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JKD / Kun Tao - ETS / IMB / G. Savelli
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Offline Ron Baker

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Re: Starting your first school -- a Blog
« Reply #6 on: March 19, 2008, 02:27:40 PM »
Good info.

Also, if you happen to be in an area where there's a lot of available commercial space, see if you can negotiate 6 or 8 months free.  Here in the Atlanta suburbs, we're seeing brand new spaces just sitting and gathering dust.  Some are offering up to 1 year free rent (although there's usually a catch).  Still, now may be a good time to lease.

Finally, try to get to know someone with a legal background.  Occasional issues arise when you'll need some help with collections, injury claims, etc.

All the best.
Sigung (Shihan) Ron Baker
Kajukenbo 5280 MMA Foundation
Under GM Jason Groff
Ordonez Kajukenbo Ohana

Offline Rob Poelking

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Re: Starting your first school -- a Blog
« Reply #7 on: April 22, 2008, 08:39:55 PM »
Just thought I'd let people know I'm it a little bit of a holding pattern. The "Y" is trying to move me into the nice aerobics room but we're dealing with scheduling conflicts and such. I've got a significant following of students that I am quickly discovering are quite loyal to their training. Another very humbling thought. I want to be sure that I do everything possible to protect their interest as well as my own.

ALWAYS consider your students interest when making decisions. Note that I did not say always put your students interest first. I have a family and my family will come first and that means I have to maintain my day job, too. Hopefully one day, teaching will BE my day job but that day is still a ways off. But, that being said, don't be afraid to involve your students in your decisions. Involving them helps them to "own" your ideas. When a subordinate "owns" an idea, they are much more enthusiastic about its progress and success. They end up being your biggest cheerleader.

Rob Poelking, Black Belt, Original Method
Black belt under Sigung Ray Anderson
http://www.ohiokajukenbo.com

Offline Stan Kristovich

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Re: Starting your first school -- a Blog
« Reply #8 on: August 03, 2008, 05:48:35 AM »
You have a good read on expenses.  You should also estimate income.  Take a look at what you can reasonably expect to earn, hour by hour, i.e. what is the per-hour amount of revenue you can expect to receive based on a reasonable number of students and what you are charging for your services.  Subtracting your expenses from this gross revenue gives you your estimated before-tax profit.  It will also give you an idea as to whether or not you need to develop other activities/profit centers (like seminars) that will help you to meet your income/return on investment goals.

The rule of thumb is to UNDER estimate income and OVER estimate expenses.  That will keep you out of trouble most of the time (no accounting for UNFORSEEN expenses, so work out as many expenese scenarios as you can, ahead of time--what can go wrong?).  For example, with a school that carries the potential for a lot of injuries, liability insurance is important.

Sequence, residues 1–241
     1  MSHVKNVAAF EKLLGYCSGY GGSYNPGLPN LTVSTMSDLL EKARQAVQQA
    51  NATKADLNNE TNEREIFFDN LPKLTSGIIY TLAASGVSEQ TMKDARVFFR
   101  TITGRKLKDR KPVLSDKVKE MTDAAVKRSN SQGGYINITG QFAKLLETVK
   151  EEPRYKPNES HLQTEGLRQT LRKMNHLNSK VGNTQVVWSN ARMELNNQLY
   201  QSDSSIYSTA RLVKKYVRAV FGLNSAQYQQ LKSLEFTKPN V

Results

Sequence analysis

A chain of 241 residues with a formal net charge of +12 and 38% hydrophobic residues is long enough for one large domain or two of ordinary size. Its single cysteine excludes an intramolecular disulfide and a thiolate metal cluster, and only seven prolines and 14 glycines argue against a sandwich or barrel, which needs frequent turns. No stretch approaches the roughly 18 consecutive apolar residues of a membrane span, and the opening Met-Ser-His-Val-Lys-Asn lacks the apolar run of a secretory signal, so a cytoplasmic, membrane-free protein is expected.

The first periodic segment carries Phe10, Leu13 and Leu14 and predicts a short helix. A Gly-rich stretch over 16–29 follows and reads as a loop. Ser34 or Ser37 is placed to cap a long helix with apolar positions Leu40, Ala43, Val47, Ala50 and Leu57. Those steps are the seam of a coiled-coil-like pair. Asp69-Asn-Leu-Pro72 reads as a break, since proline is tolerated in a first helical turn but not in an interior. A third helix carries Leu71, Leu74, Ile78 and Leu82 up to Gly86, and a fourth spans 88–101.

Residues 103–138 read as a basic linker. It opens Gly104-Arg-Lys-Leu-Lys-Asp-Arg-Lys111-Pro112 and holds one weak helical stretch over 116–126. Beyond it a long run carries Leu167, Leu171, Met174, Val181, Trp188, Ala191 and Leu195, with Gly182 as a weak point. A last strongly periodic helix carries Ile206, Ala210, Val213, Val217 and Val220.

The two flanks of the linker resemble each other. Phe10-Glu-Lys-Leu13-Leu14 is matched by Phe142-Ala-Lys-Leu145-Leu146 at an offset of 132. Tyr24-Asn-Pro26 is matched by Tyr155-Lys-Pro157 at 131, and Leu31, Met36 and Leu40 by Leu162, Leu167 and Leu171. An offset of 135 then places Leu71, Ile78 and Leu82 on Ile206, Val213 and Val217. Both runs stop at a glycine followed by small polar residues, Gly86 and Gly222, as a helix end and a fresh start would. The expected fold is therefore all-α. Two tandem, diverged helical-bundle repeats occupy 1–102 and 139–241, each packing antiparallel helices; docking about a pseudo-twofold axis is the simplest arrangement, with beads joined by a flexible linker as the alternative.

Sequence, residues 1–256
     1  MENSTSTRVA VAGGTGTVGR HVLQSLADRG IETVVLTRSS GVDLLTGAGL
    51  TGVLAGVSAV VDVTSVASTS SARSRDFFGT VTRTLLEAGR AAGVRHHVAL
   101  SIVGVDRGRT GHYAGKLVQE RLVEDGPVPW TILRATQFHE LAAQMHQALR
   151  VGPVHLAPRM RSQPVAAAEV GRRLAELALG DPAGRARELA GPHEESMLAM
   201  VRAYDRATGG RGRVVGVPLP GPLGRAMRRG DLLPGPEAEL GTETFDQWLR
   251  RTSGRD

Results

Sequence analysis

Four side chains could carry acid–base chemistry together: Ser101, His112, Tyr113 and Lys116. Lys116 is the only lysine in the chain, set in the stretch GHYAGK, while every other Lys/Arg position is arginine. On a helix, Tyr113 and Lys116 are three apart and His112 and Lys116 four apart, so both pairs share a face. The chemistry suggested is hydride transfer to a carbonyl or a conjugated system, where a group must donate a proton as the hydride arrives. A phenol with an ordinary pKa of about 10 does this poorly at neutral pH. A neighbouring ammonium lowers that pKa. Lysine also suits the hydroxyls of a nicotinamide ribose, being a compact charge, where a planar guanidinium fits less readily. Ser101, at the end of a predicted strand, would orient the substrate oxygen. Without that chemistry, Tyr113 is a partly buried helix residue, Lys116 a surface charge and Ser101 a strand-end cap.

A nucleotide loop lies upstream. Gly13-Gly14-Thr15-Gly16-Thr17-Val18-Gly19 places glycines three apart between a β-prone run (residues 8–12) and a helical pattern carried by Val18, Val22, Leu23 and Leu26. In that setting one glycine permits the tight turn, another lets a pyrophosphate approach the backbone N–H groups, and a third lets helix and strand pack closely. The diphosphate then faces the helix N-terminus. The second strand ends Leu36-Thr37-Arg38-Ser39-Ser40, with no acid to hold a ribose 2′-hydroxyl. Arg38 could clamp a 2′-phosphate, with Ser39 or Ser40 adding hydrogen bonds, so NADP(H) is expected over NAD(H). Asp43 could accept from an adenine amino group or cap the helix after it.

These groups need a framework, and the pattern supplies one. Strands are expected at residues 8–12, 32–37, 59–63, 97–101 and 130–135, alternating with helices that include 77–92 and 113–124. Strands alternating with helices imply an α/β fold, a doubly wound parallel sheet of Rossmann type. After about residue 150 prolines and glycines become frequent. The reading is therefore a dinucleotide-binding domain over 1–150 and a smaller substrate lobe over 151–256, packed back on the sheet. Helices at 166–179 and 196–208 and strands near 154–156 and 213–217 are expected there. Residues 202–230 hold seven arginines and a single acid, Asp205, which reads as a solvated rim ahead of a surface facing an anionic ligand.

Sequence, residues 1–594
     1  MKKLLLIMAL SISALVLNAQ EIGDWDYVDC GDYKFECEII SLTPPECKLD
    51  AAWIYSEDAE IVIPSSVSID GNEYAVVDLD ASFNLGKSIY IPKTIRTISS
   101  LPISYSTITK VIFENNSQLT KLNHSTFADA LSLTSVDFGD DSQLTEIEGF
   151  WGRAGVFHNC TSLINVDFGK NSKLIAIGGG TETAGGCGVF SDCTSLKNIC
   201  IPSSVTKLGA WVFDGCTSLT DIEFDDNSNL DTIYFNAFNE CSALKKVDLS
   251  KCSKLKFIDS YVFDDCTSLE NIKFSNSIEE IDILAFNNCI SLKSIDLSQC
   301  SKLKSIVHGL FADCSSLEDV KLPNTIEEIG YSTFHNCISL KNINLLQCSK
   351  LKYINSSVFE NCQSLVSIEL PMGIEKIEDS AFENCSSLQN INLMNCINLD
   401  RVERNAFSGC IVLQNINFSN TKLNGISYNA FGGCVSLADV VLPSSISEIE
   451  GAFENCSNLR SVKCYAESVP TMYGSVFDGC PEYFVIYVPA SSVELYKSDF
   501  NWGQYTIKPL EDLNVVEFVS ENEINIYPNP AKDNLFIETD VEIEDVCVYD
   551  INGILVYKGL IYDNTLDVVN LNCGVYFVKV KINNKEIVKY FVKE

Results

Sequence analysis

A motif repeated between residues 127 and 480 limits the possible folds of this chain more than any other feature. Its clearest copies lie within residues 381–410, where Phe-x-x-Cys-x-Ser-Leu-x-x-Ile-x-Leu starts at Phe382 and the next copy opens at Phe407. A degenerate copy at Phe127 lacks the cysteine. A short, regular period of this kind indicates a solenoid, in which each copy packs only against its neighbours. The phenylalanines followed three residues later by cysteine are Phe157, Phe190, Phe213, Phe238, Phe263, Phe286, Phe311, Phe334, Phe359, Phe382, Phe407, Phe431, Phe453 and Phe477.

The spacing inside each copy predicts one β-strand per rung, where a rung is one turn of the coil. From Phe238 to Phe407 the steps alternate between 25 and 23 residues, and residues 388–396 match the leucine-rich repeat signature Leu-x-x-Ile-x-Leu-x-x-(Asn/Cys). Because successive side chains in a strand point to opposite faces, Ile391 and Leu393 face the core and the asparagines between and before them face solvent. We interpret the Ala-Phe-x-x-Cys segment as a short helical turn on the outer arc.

You should also consider incorporating--it sounds hard, but really it can help.  Setting up a corporation puts all the assets of the business into the business, but if done right, it also shields your personal assets from any downside liability.  You make yourself an employee of the corporation instead of taking money out directly.  More than an accounting trick--if something really bad happens, you have the corporation to shield you from the downsides.  Say, for example, a student gets seriously injured, an you get sued--a corporation may save your personal assets, even if you have to surrender everything you put into the business.  On the other hand, if you go this route, you have to be very, very meticulous about keeping your personal and corporate assets separate, otherwise a good lawyer can 'pierce the veil' of your corporation and go after your personal assets (like your house and bank accounts).  LegalZoom.com or other entities can help--many state governments have an office whose job it is is to help out new businesses.  If you are a military veteran, the DVA can provide some advice.  And the Small Business Administration has programs for veterans' owned businesses. 

The bottom line on whether or not to incorporate, create a limited liability arrangement or be a sole proprietor, rests on your own goals for your business, and your state's laws about liability and business structure.  I'm not an attorney, and this is not authoritative legal advice.  This is (really) MBA-level advice about some of the things you should think about, in regards to the business aspects of creating a for-profit school.  You should consult a qualified attorney in your district for the specifics.

Another thing that can help is taking the time and effort to write a business plan.  Writing up a business plan that lays out as much as possible about what you can anticipate happening in your school, especially your anticipated strengths, weaknesses, opportunities and threats, will provide a good frameworks.  And a well-thought-out business plan can help with getting financing, if it shows how and where you expect the money to come from and how the up-front contribution of dollars will flow into both paying off the loan and achieving your earning goals.  And another important thing about having a plan, it will help avoid getting swayed by the tumult of conflicting advice you could get once you open your business (this email doesn't count, of course!).

Regards,
Stan K
Aloha,
Stan Kristovich
(a Black Belt instructor [and currently on extended sabattical] in North Las Vegas, Nevada
Formerly of Stevenson Kenpo-Karate, Mililani, HI